Turns out there was a leaf stuck to her nose. God deliver us from Boxers.

Then, I spy a dog across the street. Delilah spies it, too. All the hair on her back stands up immediately. A tough guy, she is. She growls slightly. To avoid a scene (and trust me, there have been many, many scenes), I start talking to her in a slightly. high-pitched, way-too-cheery voice: “Who’s a good girl?!? Who isn’t going to bark? That’s right! What a good girl! You’re okay, girl! Yes, you are!” Meanwhile, Delilah has let loose one loud and proud bark, has pulled on the leash enough to be on her back legs for a few steps… and then carried on walking next to me, as if nothing happened. Nothing to see here, folks. Because who’s a good girl? It’s Li.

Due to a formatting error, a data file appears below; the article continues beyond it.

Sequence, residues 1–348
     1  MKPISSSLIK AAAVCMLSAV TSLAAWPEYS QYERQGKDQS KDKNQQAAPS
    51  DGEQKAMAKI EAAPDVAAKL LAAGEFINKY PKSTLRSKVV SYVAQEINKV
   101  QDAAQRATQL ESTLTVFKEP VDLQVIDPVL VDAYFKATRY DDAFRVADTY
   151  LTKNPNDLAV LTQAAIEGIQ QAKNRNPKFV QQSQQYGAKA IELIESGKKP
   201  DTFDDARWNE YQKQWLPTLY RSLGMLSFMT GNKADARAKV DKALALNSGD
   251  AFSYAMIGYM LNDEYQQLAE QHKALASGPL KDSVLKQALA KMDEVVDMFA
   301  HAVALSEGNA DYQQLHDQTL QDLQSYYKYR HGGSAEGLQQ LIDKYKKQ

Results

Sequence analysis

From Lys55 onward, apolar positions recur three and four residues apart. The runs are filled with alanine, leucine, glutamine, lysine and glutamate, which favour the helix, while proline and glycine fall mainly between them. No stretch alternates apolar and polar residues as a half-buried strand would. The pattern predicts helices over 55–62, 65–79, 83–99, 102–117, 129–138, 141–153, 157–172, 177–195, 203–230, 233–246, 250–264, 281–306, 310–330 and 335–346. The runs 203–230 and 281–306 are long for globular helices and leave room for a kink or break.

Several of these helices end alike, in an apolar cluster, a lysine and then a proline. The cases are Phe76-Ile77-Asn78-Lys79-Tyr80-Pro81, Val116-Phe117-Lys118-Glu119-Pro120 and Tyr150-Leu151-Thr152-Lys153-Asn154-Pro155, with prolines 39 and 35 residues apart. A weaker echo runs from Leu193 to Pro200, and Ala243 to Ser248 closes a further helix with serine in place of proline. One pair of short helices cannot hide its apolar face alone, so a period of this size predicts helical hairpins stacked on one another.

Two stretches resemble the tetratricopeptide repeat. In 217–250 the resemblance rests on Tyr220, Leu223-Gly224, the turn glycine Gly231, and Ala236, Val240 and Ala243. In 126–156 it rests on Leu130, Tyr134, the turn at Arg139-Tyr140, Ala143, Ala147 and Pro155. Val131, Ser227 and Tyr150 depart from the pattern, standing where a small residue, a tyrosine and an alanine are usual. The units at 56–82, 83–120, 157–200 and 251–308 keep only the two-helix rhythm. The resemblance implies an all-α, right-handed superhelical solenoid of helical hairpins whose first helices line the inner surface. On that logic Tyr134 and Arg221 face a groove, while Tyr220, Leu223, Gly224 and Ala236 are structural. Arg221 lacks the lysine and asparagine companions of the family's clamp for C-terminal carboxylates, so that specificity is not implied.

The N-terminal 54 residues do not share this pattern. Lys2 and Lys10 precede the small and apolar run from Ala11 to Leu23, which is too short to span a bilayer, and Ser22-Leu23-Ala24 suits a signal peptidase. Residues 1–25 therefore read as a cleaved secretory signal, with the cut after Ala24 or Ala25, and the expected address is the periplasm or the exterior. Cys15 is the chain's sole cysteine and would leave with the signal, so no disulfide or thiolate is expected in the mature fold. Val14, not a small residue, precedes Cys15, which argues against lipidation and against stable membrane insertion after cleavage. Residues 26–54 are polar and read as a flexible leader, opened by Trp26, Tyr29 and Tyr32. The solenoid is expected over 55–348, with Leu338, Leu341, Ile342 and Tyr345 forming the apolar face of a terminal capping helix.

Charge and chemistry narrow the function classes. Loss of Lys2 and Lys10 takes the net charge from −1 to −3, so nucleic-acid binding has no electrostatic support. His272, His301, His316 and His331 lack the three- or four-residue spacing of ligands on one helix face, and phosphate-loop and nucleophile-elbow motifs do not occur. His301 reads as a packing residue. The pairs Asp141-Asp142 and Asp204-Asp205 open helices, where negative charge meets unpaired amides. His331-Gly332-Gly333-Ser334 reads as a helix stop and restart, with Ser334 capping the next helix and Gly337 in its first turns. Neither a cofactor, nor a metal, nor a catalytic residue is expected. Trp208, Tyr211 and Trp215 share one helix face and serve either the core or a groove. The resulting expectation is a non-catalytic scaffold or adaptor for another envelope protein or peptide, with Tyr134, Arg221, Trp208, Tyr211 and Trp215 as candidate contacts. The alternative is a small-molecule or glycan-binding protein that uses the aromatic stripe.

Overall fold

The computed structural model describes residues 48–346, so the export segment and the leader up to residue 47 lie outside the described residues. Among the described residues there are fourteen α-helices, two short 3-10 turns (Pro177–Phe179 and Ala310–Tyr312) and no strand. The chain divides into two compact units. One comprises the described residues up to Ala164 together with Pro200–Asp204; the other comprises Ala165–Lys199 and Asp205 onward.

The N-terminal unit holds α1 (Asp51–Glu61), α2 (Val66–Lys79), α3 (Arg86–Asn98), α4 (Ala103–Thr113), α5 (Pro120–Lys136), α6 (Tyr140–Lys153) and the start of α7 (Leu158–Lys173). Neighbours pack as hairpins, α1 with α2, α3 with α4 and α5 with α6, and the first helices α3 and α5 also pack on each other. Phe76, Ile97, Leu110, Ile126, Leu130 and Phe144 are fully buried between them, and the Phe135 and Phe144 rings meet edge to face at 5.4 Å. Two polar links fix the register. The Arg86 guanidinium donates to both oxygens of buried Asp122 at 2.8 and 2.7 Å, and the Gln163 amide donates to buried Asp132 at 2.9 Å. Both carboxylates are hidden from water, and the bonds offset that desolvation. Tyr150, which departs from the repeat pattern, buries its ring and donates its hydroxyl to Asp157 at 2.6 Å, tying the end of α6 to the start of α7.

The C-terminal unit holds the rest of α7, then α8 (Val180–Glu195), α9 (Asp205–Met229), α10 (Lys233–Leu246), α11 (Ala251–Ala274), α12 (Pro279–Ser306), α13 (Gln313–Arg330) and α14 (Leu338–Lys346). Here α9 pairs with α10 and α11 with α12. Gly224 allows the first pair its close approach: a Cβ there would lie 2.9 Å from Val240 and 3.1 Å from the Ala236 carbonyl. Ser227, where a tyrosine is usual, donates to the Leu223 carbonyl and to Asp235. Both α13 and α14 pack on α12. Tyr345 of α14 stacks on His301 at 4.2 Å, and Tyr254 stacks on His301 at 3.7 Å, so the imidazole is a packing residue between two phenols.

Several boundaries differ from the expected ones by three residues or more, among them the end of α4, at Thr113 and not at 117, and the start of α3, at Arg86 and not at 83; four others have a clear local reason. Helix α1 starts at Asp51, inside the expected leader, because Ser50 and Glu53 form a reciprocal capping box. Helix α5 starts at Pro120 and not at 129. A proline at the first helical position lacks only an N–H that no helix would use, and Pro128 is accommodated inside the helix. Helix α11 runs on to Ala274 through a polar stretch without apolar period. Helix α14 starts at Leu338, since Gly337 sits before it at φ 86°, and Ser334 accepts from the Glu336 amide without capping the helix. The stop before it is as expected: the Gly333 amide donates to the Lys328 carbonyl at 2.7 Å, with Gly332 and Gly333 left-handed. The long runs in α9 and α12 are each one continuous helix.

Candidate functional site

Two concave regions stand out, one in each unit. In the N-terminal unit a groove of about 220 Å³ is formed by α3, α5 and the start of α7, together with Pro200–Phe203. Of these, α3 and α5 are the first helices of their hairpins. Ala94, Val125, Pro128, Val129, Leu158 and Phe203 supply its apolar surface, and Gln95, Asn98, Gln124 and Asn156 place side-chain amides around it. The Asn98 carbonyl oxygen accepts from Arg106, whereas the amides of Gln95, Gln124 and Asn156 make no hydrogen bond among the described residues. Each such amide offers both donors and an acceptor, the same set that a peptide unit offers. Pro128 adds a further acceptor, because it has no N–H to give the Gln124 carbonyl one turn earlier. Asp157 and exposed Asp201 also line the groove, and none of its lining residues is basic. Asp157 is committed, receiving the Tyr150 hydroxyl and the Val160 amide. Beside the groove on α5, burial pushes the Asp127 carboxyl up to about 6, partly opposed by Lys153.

After all that excitement, we carry on mostly without incident. We’re chatting, as we do. I’m narrating things for her. But, when we get close to home, she gets a little eager. She’s pulling on the leash a little–which I DO NOT LIKE. So, I decide to make her walk beside me. As I’m reeling her in, I step on a patch of ice… and land square on my ass. Delilah thinks this is great. We’ve never sat down in the middle of the sidewalk before! So, she climbs right on top of me. Now I’m sitting in the middle of the sidewalk with my 50 pound boxer in my lap.

So, yeah, I think we’re probably neighborhood famous, Me & Puptastic. We’re trying not to let the stardom go to our heads.

 

Reckoning

All my life, I was taught to curry favor with men. That’s the honest to God truth.